Will the Fed pull the trigger?
Global equities went through the roof yesterday amid hints from Mario Draghi that the ECB was ready to launch another round of stimulus should inflation fails to accelerate. The EuroSTOXX 50 jumped as much as 2.60% to 3,458 points, the highest level since early May, while US equities were also better bid with the S&P 500 hitting 2,930 points, up 1.40% on the session as investors speculate that the Federal Reserves would follow on the ECB’s footsteps.
Over the last few months, Donald Trump has put significant pressure on Fed Chair Jerome Powell as he blamed him for derailing the US economy by unnecessarily tightening monetary conditions. Interestingly enough, the trade war against China, which was triggered by President Trump, worsened the situation as it accelerated the global economic slowdown and forced the Fed to pause its quantitative tightening as well as further rate cut. Now, it looks like Trump would get those rate cuts in the end. The single currency fell across the board with EUR/USD falling 0.40% to below 1.1181 but stabilised around 1.12. The limited downside size move in EUR/USD suggests that market participants anticipates the Fed would also turn more dovish than at its May meeting.
However, according to Reuters, it looks like Mario Draghi’s colleagues did not expected such a dovish speech and said that the possibility of a rate cut or the extension of quantitative asset purchases have been mentioned but that there was no consensus. Therefore, we anticipate that Powell would introduce a dovish twist but nothing significant. Indeed, the current economic conditions do not justify going in full easing mode, especially as it would spread panics among investors.
BoE should trigger a GBP rally
Not much has changed in the Bank of England rhetoric. Despite investors pricing in a rate cut by year-end amid slowing manufacturing activity, Brexit uncertainy, and dragging trade discords, BoE policymakers still maintain their hawkish bias, favoring rising rates at a faster pace than financial markets would consider. It is therefore very likely that the BoE statement or policy minutes from Thursday monetary policy meeting will continue to hint towards further tightening, most likely giving British pound a boost. Yet probability of an up-move is still less reasonable under current circumstances.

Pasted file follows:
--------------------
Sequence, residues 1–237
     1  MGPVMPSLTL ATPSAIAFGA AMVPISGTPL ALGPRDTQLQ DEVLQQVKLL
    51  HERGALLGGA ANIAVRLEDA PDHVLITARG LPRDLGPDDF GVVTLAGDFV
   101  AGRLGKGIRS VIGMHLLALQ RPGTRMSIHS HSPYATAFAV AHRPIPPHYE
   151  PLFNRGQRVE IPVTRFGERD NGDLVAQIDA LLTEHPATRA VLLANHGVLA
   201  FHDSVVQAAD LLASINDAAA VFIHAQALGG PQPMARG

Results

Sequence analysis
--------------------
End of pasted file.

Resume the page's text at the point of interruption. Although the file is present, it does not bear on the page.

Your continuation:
Despite manufacturing PMI in contraction territory at 49.4 for the first time since July 2016 and y/y industrial production hitting -1% in April and in negative territory for the first time this year, real wage growth excluding bonuses increased 3.4% while unemployment remains at historical bottom, supporting the BoE’s stance. Yet the release of second quarter GDP in 28 June should give investors a good view where the UK economy is heading. Although domestic consumption most likely improved, a fall in fixed asset investments due to potential hard Brexit risk should ultimately weigh on the GDP figure. Accordingly, the likelihood of seeing the BoE raising rates this year is rather low as Brexit scenarios (deal, no-deal and article 50 extension) are still opened following 31 October 2019 deadline.
GBP/USD is expected to gain support amid Fed, BoE monetary policy meetings. Heading along 1.2606 short-term.